Skip to main content

Guy and I have had 27 Valentine’s Days together, all of them happy. People have asked, “What’s your secret?”

Good Luck

I first want to acknowledge our privilege. We are lucky to be educated, well-employed, and white. It awards us right out of the gate an ease that not every married couple has. According to census data, our demographic has the lowest divorce rates in the U.S.

We were also lucky to be madly in love with each other when we got married. Being so in love gave me a palpable feeling of connection with my husband. I could feel in my body when our connection was “on,” and it felt good. I could also feel in my body when our connection was “off,” and it felt bad. I felt lucky to have such a strong guide built in. Not only was this guide infallible, it motivated me powerfully to work out our differences and re-establish our connection, because I physically hurt until we did.

That feeling was the genesis of our secret. Early on, as we were forming our relationship, it guided us to prioritize our connection over our own egos. This grew into a habit of turning towards, rather than away from, one another in thousands of small moments in the years that followed.

That’s our secret: turn towards your partner.

What Turning Away Looks Like

In order to be aware of the choice to turn towards your partner or away, you first must to notice when you feel disconnected. You will feel yourself stiffen, pull away, or make a face. You may then:

  • Pull further away and withdraw altogether. Sometimes withdrawing temporarily is the right thing to do, such as when you feel too upset to talk. As soon as your head is clear, though, re-engage
  • Withdraw and distract yourself with things or other people. This way leads to unhealthy behaviors like overeating, overdrinking, overspending, and inappropriate intimacies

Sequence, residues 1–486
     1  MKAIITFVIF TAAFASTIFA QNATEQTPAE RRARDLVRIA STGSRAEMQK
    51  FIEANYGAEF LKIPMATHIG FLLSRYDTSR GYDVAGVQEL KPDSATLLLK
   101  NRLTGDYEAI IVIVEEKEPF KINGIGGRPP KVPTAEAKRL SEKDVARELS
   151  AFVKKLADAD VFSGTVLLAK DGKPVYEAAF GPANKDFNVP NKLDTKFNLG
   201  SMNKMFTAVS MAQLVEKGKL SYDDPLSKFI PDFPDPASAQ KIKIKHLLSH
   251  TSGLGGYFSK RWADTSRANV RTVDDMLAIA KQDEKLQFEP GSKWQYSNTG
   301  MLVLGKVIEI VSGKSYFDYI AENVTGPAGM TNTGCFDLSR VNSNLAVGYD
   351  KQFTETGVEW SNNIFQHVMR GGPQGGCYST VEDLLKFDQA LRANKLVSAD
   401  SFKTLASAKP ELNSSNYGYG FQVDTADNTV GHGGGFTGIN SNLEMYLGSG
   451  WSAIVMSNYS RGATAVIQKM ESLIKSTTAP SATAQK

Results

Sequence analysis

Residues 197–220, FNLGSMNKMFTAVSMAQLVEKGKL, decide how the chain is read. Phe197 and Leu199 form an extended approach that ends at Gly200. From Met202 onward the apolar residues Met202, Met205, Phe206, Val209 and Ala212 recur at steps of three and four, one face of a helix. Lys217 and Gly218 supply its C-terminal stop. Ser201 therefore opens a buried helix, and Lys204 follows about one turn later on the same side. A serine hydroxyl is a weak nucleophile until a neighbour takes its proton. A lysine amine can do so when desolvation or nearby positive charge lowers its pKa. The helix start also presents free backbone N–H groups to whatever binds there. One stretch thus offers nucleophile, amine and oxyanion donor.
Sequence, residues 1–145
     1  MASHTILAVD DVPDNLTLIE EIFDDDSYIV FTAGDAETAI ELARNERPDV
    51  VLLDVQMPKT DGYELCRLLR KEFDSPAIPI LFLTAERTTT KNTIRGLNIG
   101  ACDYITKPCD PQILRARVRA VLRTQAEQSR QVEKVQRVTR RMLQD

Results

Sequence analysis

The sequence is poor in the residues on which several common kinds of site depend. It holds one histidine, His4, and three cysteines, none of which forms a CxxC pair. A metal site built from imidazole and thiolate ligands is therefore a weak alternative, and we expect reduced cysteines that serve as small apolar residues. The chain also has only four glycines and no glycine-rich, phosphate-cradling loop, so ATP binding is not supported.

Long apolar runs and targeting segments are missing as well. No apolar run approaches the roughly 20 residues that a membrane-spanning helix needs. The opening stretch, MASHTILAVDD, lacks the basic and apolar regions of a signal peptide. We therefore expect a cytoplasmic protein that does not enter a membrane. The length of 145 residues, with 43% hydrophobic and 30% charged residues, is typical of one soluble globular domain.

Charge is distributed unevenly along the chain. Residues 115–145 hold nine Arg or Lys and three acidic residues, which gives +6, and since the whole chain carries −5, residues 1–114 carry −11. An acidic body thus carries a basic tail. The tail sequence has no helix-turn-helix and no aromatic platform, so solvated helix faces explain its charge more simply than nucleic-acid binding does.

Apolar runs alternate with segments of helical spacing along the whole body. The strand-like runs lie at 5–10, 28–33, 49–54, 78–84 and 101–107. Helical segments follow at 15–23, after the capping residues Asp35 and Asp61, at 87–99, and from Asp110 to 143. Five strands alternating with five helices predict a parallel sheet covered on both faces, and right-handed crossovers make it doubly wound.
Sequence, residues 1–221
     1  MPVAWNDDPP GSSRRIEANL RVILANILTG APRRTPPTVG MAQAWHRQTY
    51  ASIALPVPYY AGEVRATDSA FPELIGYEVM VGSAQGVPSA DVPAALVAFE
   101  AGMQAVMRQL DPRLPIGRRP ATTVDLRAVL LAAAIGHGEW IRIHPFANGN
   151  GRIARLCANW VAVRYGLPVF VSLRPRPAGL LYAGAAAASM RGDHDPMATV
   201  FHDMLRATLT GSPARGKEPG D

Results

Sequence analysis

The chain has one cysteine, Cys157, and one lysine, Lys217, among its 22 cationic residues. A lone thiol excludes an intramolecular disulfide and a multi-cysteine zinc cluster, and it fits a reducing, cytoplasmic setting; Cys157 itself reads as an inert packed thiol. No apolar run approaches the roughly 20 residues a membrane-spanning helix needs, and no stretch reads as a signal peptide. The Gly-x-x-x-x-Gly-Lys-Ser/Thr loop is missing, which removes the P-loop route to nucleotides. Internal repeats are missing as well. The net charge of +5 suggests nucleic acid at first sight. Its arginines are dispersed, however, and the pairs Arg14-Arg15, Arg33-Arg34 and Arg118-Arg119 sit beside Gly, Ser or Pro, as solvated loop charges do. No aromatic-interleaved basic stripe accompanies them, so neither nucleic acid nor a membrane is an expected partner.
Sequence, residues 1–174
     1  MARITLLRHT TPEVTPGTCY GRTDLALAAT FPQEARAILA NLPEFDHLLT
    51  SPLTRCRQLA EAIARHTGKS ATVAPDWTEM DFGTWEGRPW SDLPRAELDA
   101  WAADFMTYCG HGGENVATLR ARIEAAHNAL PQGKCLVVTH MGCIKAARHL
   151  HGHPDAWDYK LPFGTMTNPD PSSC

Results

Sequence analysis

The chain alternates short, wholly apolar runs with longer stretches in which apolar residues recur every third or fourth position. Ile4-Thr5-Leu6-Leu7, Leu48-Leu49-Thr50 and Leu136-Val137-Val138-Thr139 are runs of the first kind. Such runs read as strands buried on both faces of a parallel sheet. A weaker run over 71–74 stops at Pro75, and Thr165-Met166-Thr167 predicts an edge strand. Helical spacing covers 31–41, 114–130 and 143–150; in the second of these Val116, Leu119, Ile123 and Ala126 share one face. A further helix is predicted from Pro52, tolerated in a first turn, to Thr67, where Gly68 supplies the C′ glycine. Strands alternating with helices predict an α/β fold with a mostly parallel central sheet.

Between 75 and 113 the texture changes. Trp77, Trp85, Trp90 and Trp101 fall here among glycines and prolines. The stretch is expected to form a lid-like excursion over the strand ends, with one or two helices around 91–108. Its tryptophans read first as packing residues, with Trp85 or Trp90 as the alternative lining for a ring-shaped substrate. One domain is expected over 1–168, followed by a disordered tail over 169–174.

• Pretend everything is fine, even when it isn’t. This evasion never lasts for long, though, because your true feelings will either fester and explode later or they will leak out in passive aggressive ways
  • Go on offense or defense. Going on offense is being critical or contemptuous – obvious bad choices. Going on defense, or being defensive, may be less aggressive, but it’s not much better, because when you are defensive you are not listening.

What all these strategies have in common is that they deepen the disconnection, rather than repair it.

What Turning Towards Looks Like

Go back to the moment you noticed the disconnection.

First, take as much time as you need to calm yourself down – one deep breath or a ten-minute walk around the block. These intermediate strategies are turning towards your partner because they are preparing you for productive engagement.

Next, as soon as you’re ready, turn towards your partner. Begin by acknowledging, “We have a problem,” and then ask, “What’s going on?” Notice there’s no blame. Assume the attitude of a detective: you’re looking for the moment the misunderstanding or hurt occurred. It might sound like, “So when I did x, you thought it meant y? That wasn’t my intention. Now I understand.”

One thing my husband and I discovered is that we stayed calmer if we held hands while we had these conversations. Something about touching soothed us both – it does release oxytocin, the hormone of love and bonding.

Turning towards your partner is, I think, what is meant by the “hard work” of marriage. It can be a humbling exercise, but it is one you are in together. You’re on the same side, and you both reap the rewards.

Leave a Reply